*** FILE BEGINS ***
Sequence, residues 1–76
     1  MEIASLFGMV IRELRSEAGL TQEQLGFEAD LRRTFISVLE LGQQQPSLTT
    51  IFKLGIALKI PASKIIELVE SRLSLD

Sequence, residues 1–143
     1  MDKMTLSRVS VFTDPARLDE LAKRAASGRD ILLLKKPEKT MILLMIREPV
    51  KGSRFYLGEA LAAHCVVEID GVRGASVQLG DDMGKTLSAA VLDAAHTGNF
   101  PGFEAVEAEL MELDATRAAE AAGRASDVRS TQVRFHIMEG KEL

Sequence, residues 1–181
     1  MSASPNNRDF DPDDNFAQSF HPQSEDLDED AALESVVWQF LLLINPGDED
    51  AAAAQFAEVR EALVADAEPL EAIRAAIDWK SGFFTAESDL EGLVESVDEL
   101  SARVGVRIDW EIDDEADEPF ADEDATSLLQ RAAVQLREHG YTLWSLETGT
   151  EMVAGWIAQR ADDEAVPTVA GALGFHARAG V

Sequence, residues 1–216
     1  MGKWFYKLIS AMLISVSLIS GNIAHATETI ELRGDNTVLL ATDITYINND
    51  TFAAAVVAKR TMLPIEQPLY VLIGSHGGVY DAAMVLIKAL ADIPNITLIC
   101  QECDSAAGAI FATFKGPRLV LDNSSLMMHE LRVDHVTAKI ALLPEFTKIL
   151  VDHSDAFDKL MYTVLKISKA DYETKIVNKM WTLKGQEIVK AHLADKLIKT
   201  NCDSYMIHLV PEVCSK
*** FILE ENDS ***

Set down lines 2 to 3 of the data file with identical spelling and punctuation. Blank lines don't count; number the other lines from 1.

     1  MEIASLFGMV IRELRSEAGL TQEQLGFEAD LRRTFISVLE LGQQQPSLTT
    51  IFKLGIALKI PASKIIELVE SRLSLD